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Acceleration Bay LLC v. Activision Blizzard, Inc.

United States District Court, D. Delaware

August 29, 2017

ACCELERATION BAY LLC, Plaintiff,
v.
ACTIVISION BLIZZARD, INC. Defendant. ACCELERATION BAY LLC, Plaintiff,
v.
ELECTRONIC ARTS INC. Defendant. ACCELERATION BAY LLC, Plaintiff,
v.
TAKE-TWO INTERACTIVE SOFTWARE, INC., ROCKSTAR GAMES, INC., AND 2K SPORTS, INC. Defendants.

          MEMORANDUM ORDER

         Presently before me is a Motion to Dismiss U.S. Patent Nos. 6, 701, 344 (the '"344 patent"), 6, 714, 966 (the '"966 patent"), and 6, 829, 634 (the '"634 patent") by Defendants Activision Blizzard, Inc., Electronic Arts Inc., Take-Two Interactive Software, Inc., Rockstar Games, Inc., and 2K Sports, Inc. (collectively, "Defendants"). (C.A. No. 16-453, D.I. 21; C.A. No. 16-454, D.I. 22; C.A. No. 16-455, D.I. 23).[1] I have considered the parties' briefing. (D.I. 22; D.I. 28; D.I. 33). Defendants contend that all claims of the '344 and '966 patents, and claims 1-18 of the '634 patents (collectively, the "Broadcast Claims") are invalid for lack of patent-eligible subject matter under 35 U.S.C. § 101. (D.I. 21). I held oral argument on July 10, 2017. (D.I. 235 ("Tr.")).

         I. BACKGROUND

         Plaintiffs briefing does not dispute that Claim 1 from each of the '344, '966, and '634 patents is representative. (See D.I. 28 at 9 n.4). Claim 1 of the '344 patent provides:

1. A computer network for providing a game environment for a plurality of participants, each participant having connections to at least three neighbor participants, wherein an originating participant sends data to the other participants by sending the data through each of its connections to its neighbor participants and wherein each participant sends data that it receives from a neighbor participant to its other neighbor participants, further wherein the network is m-regular, where m is the exact number of neighbor participants of each participant and further wherein the number of participants is at least two greater than m thus resulting in a non-complete graph.

(D.I. 1-1, Exh. 1 ('344 patent), claim 1). Claim 1 of the '344 patent, for the purposes of this motion, is substantially similar to the language in claim 1 of the '966 and '634 patents. (Compare '344 patent, claim 1, with D.I. 1-1, Exh. 2 ('966 patent), claim 1 and D.I. 1-2, Exh. 4 ('634 patent), claim 1).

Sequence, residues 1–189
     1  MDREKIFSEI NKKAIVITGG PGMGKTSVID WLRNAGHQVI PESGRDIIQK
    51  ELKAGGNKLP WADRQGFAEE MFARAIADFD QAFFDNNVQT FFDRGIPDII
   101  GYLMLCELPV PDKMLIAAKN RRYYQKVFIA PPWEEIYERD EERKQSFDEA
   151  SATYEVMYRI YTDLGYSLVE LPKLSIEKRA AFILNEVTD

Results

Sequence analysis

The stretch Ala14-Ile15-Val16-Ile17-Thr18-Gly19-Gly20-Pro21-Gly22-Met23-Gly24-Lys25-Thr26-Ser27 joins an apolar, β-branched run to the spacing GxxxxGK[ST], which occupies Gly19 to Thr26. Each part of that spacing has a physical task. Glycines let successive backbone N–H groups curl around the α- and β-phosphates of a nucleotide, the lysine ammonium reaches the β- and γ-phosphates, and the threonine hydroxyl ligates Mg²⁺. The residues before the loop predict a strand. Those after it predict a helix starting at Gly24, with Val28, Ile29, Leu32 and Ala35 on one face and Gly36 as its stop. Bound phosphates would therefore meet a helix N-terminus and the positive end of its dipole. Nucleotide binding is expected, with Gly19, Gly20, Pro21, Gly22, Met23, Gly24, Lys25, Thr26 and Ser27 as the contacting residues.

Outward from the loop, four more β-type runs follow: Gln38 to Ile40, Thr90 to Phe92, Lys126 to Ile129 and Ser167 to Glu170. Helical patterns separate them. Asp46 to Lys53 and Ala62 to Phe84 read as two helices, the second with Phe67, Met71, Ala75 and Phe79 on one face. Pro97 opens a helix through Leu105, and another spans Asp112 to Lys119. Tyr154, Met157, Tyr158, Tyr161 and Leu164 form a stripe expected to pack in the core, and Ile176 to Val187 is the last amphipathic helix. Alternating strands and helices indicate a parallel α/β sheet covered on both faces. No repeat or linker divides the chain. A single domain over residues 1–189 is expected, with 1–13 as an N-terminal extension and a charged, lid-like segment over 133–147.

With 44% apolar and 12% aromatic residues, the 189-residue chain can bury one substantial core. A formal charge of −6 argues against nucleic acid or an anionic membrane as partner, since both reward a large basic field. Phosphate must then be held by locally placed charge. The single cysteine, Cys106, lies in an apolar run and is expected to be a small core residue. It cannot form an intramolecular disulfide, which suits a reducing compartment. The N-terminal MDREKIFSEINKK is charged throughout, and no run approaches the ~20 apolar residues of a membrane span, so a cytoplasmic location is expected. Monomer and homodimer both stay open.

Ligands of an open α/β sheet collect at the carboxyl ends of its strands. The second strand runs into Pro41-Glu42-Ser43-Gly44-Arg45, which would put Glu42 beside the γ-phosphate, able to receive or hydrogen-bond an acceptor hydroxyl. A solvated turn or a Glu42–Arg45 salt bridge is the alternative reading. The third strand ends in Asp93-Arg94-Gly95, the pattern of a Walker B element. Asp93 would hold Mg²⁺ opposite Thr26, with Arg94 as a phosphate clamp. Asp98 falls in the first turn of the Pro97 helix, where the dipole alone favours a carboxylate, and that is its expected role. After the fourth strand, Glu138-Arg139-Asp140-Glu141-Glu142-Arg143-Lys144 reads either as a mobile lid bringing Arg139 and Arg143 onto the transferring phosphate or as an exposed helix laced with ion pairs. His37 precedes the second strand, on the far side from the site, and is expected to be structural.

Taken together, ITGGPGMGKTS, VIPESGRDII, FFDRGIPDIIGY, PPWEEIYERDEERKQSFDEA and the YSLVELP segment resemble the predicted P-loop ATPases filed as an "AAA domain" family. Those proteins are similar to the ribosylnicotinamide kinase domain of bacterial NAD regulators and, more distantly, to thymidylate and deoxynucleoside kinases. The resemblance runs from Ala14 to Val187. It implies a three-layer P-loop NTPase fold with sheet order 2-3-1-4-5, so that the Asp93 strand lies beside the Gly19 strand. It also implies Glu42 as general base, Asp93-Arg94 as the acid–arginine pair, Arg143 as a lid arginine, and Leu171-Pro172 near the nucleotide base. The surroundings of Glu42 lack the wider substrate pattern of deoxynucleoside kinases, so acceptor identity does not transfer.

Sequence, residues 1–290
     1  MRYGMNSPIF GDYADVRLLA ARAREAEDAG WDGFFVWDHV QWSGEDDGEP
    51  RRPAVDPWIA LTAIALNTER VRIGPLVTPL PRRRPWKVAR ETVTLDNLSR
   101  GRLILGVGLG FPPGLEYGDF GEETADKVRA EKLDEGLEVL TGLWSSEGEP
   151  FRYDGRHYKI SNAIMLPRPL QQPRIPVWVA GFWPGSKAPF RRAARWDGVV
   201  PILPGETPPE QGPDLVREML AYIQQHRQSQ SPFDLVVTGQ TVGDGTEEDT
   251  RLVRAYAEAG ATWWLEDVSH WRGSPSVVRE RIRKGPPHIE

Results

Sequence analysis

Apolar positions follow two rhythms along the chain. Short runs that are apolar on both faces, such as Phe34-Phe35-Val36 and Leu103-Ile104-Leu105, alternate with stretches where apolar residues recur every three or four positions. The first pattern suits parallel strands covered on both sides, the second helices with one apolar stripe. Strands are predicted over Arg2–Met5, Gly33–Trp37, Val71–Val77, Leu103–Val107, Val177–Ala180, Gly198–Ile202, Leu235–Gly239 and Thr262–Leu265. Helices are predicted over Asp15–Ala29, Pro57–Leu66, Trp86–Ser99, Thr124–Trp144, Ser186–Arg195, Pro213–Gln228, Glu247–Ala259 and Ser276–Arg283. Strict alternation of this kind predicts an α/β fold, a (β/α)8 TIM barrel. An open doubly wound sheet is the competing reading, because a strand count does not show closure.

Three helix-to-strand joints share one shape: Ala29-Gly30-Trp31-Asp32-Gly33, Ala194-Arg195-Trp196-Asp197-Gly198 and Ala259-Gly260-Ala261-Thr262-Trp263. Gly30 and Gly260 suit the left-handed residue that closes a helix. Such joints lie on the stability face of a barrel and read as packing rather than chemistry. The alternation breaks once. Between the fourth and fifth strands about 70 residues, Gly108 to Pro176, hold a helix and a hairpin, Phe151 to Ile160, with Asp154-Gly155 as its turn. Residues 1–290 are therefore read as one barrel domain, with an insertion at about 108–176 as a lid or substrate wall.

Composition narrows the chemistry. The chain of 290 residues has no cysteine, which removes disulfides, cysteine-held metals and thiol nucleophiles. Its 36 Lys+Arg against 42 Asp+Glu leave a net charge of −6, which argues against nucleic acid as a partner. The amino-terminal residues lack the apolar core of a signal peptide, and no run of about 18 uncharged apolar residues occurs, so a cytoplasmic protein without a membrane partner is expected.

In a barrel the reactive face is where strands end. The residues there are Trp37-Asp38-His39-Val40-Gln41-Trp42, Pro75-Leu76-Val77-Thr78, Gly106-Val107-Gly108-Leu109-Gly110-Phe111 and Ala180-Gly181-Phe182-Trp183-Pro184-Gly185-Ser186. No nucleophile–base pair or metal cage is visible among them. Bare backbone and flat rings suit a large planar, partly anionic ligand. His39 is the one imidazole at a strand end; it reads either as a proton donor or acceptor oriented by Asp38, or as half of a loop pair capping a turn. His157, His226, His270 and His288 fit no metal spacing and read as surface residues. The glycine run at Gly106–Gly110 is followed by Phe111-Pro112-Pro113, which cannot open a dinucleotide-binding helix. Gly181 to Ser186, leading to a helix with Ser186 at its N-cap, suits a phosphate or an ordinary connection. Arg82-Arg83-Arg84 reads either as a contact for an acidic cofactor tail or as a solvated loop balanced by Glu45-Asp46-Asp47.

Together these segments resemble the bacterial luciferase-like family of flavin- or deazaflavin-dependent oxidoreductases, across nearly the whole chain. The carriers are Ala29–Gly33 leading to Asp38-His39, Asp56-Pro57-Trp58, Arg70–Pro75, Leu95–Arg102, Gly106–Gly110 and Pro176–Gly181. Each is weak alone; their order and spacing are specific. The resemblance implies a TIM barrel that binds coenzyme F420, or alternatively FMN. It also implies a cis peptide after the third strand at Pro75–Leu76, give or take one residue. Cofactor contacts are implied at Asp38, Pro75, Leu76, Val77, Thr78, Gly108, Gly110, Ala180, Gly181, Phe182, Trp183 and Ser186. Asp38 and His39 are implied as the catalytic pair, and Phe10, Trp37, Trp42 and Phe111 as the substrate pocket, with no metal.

The Broadcast Claims generally relate to a "broadcast channel for a subset of [] computers of an underlying network." ('344 patent, 1:27-29). Prior communication techniques were not "particularly well suited to the simultaneous sharing of information among computers that are widely distributed." ('344 patent, 1:33-39). Prior communication techniques interconnected all participants using point-to-point connections, and thus, did not "scale well" as J the number of participants grew. ('344 patent, 1: 44-49).

         The Broadcast Claims overlay the underlying network system with a certain graph of point-to-point connections between host computers (or "nodes") through which a broadcast channel is implemented. ('344 patent, 4:23-26). This graph is a non-complete, m-regular network. A non-complete, m-regular network is a network where each node is connected to the same number of other nodes, or "m" number of other nodes, and where each node is not connected to all other nodes. (See '344 patent, 4:26-47). Figure 1 of the '344 patent illustrates an example of a non-complete, m-regular network, where m is four.

         (Image Omitted.)

         ('344 patent, fig. 1). This graph is implemented at the application level using an underlying network system (like the Internet). ('344 patent, 4:14-19). The Broadcast Claims meet the need for "a reliable communications network that is suitable for the simultaneous sharing of information among a large number of the processes that are widely distributed." ('344 patent, 2:38-42).

         II. LEGAL STANDARD

         A. Motion to Dismiss

         Rule 8 requires a complainant to provide "a short and plain statement of the claim I showing that the pleader is entitled to relief" Fed.R.Civ.P. 8(a)(2). Rule 12(b)(6) allows the accused party to bring a motion to dismiss the claim for failing to meet this standard. A Rule12(b)(6) motion may be granted only if, accepting the well-pleaded allegations in the complaint as true and viewing them in the light most favorable to the complainant, a court concludes that those allegations "could not raise a claim of entitlement to relief." Bell Atl. Corp. v. Twombly, 550 U.S. 544, 558 (2007).

         "Though 'detailed factual allegations' are not required, a complaint must do more than simply provide 'labels and conclusions' or 'a formulaic recitation of the elements of a cause of action.'" Davis v. Abington Mem 7Hosp., 765 F.3d 236, 241 (3d Cir. 2014) (quoting Twombly, 550 U.S. at 555). I am "not required to credit bald assertions or legal conclusions improperly alleged in the complaint." In re Rockefeller Ctr. Props., Inc. Sec. Litig., 311 F.3d 198, 216 (3d Cir. 2002). A complaint may not be dismissed, however, "for imperfect statement of the legal theory supporting the claim asserted." See Johnson v. City of Shelby, 135 S.Ct. 346, 346 (2014).

         A complainant must plead facts sufficient to show that a claim has "substantive plausibility." Id. at 347. That plausibility must be found on the face of the complaint. Ashcroft v. Iqbal,556 U.S. 662, 678 (2009). "A claim has facial plausibility when the [complainant] pleads factual content that allows the court to draw the reasonable inference that the [accused] is liable for the misconduct alleged." Id. Deciding whether a claim is plausible will be a "context- specific ...


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